Today, Pastora is dedicated to CARE, the Spanish acronym loosely translated as the ‘Center for Getting Close to Reconciliation.’ She founded it 13 years ago to discover different ways to promote the reconciliation of victims and perpetrators. Pastora is convinced that the way to bring reintegration is to fully understand what has happened; that is the foundation for genuine emotional and spiritual healing.

ACN supports reconciliation projects in different parts of the world. In Colombia, ACN has just approved a project to rebuild a church in Aquitania. In this village, both the church and the rectory were destroyed by the guerrillas. Because of the location and the surrounding forests, the fighting had been very intense there. Many people died in the fighting or by stepping on mines left by the insurgents. Finally, the village was abandoned. People gradually returned after the government regained control and the area was de-mined. The people found only ruins and a church in very bad condition.

In order for Aquitania to come to life again, the parish priest has asked for help to rebuild the church of Our Lady of Mount Carmel. ACN is providing $30,000 for this project.

 

Press Release – Meeting in the United Nations with ACN, KofC and UNDP

27.02.2018 in ACN International, By Mark von Reidemann, International Catholic Charity Aid to the Church in Need, Iraq, Journey with ACN, Middle East, Reconstruction

UNDP and ACN:

High-level meeting to channel more help to suffering Christians in the Nineveh Plains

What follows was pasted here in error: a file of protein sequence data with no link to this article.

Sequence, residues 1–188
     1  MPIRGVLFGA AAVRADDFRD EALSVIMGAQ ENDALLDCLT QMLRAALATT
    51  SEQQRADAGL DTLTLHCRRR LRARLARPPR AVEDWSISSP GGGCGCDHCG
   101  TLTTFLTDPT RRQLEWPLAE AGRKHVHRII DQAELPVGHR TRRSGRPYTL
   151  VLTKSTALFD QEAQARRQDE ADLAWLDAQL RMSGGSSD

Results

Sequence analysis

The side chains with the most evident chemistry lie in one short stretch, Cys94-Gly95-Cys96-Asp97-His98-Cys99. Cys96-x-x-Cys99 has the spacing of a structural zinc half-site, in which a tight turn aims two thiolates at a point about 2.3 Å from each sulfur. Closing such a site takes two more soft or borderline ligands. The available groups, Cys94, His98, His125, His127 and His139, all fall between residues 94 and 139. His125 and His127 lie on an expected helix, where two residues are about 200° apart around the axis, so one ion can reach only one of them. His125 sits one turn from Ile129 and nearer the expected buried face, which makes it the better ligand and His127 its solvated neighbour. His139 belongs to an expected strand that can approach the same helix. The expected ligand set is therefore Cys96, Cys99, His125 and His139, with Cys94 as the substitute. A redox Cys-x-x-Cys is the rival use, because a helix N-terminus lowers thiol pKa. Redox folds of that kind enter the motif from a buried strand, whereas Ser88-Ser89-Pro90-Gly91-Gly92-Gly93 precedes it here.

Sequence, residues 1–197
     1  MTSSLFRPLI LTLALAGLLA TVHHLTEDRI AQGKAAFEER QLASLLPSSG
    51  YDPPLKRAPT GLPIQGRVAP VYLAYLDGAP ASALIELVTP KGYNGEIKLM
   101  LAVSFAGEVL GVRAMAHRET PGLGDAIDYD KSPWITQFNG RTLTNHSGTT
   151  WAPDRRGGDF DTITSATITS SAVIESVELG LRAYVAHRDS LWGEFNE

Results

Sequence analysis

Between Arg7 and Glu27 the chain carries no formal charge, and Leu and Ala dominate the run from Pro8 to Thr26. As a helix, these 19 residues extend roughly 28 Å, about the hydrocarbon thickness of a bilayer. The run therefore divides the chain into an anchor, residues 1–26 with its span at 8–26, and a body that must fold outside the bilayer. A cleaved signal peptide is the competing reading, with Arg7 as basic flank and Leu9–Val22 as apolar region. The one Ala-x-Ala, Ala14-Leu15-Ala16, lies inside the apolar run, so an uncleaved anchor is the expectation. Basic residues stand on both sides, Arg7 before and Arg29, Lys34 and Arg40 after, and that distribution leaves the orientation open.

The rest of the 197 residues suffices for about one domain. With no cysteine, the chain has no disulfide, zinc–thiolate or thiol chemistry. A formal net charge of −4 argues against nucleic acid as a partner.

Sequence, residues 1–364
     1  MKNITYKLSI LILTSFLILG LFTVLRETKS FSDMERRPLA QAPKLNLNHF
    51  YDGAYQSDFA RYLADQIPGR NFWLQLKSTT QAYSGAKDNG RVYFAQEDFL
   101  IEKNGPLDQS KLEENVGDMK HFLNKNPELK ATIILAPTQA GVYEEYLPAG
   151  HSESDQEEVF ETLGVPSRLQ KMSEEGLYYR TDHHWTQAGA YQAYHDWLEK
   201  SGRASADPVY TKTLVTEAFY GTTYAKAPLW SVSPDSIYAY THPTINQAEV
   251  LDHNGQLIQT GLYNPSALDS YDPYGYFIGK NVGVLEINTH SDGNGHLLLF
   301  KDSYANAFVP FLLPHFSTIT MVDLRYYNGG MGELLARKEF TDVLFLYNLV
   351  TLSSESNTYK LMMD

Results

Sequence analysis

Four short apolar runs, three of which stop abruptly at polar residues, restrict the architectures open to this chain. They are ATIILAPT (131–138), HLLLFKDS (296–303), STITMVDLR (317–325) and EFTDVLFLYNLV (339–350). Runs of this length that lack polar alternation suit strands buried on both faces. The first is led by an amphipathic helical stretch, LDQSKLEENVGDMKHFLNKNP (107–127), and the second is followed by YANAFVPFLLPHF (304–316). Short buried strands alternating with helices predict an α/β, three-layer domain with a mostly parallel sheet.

NYC-Montreal, February 27 – Representatives of Aid to the Church in Need (ACN) and the Knights of Columbus (KofC), were received on Monday by Mr. Mourad Wahba the Assistant Secretary General, at the United Nations Development Programme (UNDP) to brief the UN on the situation of Christians and minority populations in the Nineveh Plains.

ACN and KofC drew attention to the ongoing challenges for Christians seeking to return to their homes, highlighted the urgency for a coordinated response to preserve these minority communities, and offered their expertise on the ground. These Catholic charities are the single largest contributors to the preservation of the remaining 95,000 Christian internally displaced in northern Iraq with over $50 million USD since the 2014 ISIS – Islamic state – invasion.

During the meeting in New York, at the UN, on Monday­. 

 

 

 

Mr. Mourad Wahba, who reports directly to the UN Secretary General, outlined the anticipated expansion of UNDP programmes in the Nineveh Plains, stating: “We recognize the need for greater cooperation for the stabilization of the Nineveh Plains, and the need to support religious diversity as a bulwark against the return of ISIS”. Mr. Wahba highlighted the importance of Christians and other minorities and welcomed more cooperation in Iraq between public and private sectors.